Story Source:Materials provided by Mayo Clinic. Note: Content may be edited for style and length.

A Night at the Opera: a goodwill concert celebrating organ transplant –

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GRAND RAPIDS, Mich. (WOOD) – About 3,000 people are waiting for a life-saving organ in Michigan today. According to the Organ Procurement and Transplantation Network, about 20 people die waiting each day, because the number in need greatly …
Organ transplants in Ontario have increased by 22 per cent in five yearsCanada NewsWire (press release)all 3 news articles »

New Discovery Could Soon Replace The Painful Bone Marrow … – Wall Street Pit

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Wall Street Pit

New Discovery Could Soon Replace The Painful Bone Marrow …
Wall Street Pit
New implant could treat immune and blood disorders without the critical side effects of a traditional bone marrow transplant. May 16, 2017 WSP. human body.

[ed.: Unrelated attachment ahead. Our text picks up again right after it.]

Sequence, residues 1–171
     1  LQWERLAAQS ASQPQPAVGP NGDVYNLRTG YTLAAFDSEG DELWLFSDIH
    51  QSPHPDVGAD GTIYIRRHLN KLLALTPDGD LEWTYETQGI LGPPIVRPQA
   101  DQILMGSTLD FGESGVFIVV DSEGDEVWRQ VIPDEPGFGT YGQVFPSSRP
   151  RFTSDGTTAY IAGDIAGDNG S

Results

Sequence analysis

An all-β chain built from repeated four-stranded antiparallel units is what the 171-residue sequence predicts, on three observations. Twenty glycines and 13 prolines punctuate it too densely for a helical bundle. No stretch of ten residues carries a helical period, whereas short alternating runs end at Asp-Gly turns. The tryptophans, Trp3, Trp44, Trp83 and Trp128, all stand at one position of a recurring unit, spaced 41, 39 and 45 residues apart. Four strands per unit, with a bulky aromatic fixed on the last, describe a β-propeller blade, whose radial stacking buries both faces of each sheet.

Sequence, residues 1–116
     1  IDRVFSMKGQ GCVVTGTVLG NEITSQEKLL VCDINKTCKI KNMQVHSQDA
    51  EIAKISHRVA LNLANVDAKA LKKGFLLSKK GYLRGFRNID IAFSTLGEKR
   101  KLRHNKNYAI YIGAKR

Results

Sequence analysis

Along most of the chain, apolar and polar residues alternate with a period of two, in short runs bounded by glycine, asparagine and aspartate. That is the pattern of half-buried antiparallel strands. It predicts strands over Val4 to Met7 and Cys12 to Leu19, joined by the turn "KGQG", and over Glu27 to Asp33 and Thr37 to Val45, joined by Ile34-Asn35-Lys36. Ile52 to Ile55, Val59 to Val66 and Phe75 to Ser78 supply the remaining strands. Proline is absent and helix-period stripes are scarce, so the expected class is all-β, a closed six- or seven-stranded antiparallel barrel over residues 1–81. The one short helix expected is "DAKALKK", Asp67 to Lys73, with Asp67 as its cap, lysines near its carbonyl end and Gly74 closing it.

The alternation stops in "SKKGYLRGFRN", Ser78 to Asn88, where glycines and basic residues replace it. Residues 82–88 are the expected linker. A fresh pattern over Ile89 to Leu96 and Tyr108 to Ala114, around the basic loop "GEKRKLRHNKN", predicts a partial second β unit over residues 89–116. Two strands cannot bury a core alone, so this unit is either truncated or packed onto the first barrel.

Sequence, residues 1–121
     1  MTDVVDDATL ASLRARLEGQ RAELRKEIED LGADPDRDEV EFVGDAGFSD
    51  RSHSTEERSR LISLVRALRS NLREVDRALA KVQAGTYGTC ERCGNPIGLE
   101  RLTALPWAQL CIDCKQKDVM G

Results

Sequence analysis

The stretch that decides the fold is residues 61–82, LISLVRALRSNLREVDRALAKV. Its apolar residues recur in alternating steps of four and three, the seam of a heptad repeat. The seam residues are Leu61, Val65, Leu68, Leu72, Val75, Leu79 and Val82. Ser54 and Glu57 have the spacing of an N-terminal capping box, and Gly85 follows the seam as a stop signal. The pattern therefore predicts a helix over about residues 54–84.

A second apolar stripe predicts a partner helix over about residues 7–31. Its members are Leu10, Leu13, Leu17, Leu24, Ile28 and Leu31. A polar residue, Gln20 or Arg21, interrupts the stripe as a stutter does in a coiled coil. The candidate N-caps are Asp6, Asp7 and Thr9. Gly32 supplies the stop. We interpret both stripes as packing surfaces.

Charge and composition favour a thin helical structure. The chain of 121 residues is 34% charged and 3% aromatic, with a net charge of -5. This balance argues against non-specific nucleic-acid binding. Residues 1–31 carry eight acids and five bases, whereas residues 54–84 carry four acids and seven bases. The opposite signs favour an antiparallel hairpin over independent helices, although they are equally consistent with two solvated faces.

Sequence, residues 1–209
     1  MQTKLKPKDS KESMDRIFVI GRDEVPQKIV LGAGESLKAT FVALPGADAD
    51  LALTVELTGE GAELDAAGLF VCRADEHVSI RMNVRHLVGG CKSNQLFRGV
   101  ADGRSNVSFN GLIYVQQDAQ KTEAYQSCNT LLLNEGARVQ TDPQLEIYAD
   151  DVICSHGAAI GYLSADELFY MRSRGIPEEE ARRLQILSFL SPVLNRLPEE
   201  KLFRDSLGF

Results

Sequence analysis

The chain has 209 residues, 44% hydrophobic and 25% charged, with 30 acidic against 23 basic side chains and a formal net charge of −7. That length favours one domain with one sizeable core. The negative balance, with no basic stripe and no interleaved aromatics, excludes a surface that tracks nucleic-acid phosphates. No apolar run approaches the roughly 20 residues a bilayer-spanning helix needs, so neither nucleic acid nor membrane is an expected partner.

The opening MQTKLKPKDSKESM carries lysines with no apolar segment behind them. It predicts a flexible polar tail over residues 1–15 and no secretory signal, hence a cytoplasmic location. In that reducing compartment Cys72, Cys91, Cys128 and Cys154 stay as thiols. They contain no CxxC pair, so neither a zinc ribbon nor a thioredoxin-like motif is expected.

Judge Backs Heart Transplant Program – WUSF News

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Jackson Memorial Hospital, which is approved to perform pediatric heart transplants, also weighed in against the Nicklaus proposal. But Watkins wrote, in part, that approving a certificate of need for Nicklaus wouldn’t harm Jackson Memorial or Joe and more »

Everolimus Reduces Weight Gain in Liver Transplant Recipients – Drug Discovery & Development

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Drug Discovery & Development

Drug Discovery & Development
Researchers from the Intermountain Medical Center Transplant Program found that liver transplant patients taking everolimus (Afinitor) gained less weight – and kept it off at one and two years after starting the drug—than patients taking tacrolimus, … 

John Oliver takes on dialysis, a procedure that’s exhausting, deadly, and very profitable – Vox

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It would be far better for DaVita and Fresenius’s patients to get kidney transplants, which extends your lifespan by about 10 years on average, relative to remaining on dialysis, while avoiding exhausting, time-consuming treatment that makes holding

New pill spares women trauma of liver transplant – Daily Mail

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Daily Mail

Daily Mail
‘The 30 to 40 per cent of PBC patients who need Ocaliva are mostly those who have had an early presentation of the disease, and by default from suffering longer they are more likely to need a liver transplant. ‘This drug will make a difference to these  

Inspiration + Education : . . . . for parents of children who are going through transplant